3 The child between them on the street Comes to a puddle, lifts his feet And hangs on their hands. They start At the Jive weight and lurch together, Recoil to swing him through the weather, Stiffen and pull apart. We read of cold war soldiers that Never gained ground, gave none, but sat Tight in their chill trenches. Pain seeps up from some cavity Through the ranked teeth in sympathy; The whole jaw grinds and clenches Till something somewhere has to give. It's better the poor soldiers live In someone else's hands Than drop where helpless powers fall On crops and barns, on towns where all Will burn. And no man stands. For good, they sever and divide Their won and lost land. On each side Prisoners are returned Excepting a few unknown names. The peasant plods back and reclaims His fields that strangers burned And nobody seems very pleased. It's best. Still, what must not be seized Clenches the empty fist. I tugged your hand, once, when I hated Things less: a mere game dislocated The radius of your wrist. Love's wishbone, child, although I've gone As men must and let you be drawn Off to appease another, It may help that a Chinese play Or Solomon himself might say I am your real mother.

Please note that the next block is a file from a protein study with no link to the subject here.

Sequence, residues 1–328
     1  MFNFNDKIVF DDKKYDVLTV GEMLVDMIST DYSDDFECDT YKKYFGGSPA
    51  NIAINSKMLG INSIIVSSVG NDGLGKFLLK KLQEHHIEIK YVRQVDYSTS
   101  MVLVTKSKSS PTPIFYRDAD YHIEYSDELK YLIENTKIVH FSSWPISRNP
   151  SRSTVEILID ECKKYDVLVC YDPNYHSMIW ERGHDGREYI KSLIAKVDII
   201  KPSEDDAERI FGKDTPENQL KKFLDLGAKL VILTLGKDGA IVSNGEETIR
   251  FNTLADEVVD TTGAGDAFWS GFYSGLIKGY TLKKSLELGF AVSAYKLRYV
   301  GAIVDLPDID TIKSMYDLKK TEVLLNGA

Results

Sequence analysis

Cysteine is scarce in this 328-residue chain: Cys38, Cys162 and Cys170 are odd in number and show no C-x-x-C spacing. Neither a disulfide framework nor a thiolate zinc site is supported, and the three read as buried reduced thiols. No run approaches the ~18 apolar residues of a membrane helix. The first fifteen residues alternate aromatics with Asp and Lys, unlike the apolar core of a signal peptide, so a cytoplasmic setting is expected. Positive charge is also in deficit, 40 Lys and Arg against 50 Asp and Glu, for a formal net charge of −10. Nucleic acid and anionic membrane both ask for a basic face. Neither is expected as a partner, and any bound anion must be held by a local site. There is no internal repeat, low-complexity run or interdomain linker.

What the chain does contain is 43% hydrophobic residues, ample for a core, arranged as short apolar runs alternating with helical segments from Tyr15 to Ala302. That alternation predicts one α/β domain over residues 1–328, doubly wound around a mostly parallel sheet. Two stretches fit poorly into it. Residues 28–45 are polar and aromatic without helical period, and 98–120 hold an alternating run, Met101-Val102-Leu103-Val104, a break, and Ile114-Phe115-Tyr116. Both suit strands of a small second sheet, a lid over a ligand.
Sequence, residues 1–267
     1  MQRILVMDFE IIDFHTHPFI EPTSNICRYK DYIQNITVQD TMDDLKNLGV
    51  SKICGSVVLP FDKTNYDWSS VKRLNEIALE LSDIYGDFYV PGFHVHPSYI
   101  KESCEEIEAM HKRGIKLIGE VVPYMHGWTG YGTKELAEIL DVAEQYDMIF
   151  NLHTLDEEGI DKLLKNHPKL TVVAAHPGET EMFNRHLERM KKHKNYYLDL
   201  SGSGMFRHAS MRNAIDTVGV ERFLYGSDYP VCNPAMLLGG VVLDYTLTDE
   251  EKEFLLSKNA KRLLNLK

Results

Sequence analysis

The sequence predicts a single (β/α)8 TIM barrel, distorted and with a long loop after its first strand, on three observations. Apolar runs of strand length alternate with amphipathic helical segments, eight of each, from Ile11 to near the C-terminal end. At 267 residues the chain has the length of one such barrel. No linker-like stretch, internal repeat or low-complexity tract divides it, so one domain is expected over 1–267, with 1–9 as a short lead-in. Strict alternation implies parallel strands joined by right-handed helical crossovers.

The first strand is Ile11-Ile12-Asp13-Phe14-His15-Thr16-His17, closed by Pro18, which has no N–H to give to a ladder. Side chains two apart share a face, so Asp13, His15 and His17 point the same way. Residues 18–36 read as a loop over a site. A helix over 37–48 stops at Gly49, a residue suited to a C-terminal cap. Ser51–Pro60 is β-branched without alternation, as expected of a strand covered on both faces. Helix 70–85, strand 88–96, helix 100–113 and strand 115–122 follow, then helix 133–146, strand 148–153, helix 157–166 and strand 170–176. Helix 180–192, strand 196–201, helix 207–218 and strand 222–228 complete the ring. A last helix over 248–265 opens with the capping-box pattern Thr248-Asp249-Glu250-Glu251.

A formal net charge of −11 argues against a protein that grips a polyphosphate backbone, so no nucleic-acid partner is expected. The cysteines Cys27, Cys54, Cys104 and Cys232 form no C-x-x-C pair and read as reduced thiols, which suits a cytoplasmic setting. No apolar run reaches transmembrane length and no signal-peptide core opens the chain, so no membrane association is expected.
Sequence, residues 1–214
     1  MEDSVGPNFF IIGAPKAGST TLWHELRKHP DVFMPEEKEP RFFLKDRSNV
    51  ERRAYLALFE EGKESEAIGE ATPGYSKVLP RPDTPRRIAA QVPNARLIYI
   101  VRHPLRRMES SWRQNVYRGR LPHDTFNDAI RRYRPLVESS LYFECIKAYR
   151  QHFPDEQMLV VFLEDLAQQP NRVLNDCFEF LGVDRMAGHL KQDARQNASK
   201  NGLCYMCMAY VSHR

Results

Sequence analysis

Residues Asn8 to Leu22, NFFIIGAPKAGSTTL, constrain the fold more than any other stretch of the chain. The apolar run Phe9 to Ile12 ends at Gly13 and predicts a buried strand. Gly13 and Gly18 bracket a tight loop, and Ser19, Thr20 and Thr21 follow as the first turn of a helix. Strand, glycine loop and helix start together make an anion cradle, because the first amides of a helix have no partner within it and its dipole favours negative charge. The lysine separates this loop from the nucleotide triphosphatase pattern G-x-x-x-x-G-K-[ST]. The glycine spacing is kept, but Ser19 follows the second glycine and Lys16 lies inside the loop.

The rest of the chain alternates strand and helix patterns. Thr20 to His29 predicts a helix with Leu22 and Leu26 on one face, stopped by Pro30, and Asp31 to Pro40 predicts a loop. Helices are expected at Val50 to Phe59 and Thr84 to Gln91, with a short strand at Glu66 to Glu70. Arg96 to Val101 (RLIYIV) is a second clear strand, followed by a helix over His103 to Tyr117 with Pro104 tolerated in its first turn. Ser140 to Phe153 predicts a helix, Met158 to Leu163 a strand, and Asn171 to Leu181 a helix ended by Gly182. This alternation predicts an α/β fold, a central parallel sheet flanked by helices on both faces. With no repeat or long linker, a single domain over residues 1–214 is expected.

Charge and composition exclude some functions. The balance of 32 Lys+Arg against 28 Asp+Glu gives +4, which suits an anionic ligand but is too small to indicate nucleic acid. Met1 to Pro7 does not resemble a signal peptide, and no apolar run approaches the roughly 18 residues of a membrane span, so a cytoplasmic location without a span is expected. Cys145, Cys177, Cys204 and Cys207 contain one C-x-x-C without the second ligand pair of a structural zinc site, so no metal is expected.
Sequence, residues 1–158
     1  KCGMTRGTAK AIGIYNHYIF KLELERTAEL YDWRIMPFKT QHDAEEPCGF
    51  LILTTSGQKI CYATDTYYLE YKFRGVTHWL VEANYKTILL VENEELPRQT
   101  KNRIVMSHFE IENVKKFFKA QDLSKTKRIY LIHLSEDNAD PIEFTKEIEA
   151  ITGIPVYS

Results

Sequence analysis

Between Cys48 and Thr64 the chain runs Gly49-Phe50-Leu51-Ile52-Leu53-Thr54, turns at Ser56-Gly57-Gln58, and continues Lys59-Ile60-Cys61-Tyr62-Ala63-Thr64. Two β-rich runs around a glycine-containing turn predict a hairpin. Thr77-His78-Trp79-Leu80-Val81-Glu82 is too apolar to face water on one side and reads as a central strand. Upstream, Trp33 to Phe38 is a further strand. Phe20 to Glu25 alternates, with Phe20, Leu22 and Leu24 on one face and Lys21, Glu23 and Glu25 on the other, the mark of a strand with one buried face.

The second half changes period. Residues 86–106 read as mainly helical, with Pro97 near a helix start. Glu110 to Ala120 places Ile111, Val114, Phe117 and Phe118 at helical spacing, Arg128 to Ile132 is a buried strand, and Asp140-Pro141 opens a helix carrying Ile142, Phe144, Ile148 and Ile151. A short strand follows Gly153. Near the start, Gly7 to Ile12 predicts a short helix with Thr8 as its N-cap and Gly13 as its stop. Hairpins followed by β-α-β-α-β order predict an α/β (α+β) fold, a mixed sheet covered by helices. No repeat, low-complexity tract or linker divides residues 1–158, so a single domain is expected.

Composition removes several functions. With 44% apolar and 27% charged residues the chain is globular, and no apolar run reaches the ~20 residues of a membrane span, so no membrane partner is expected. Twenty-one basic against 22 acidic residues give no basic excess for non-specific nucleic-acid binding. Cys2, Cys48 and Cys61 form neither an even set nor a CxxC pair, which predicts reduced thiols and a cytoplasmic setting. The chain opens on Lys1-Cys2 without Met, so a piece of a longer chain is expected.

4 No one can tell you why the season will not wait; the night I told you I must leave, you wept a fearful rate to stay up late. Now that it's turning Fall, we go to take our walk among municipal flowers, to steal one off its stalk, to try and talk. We huff like windy giants scattering with our breath gray-headed dandelions; Spring is the cold wind's aftermath. The poet saith. But the asters, too, are gray, ghost-gray. Last night's cold is sending on their way petunias and dwarf marigold, hunched sick and old. Like nerves caught in a graph, the morning-glory vines frost has erased by half still scrawl across their rigid twines. Like broken lines of verses I can't make. In its unraveling loom we find a flower to take, with some late buds that might still bloom, back to your room. Night comes and the stiff dew. I'm told a friend's child cried because a cricket, who had minstreled every night outside her window, died.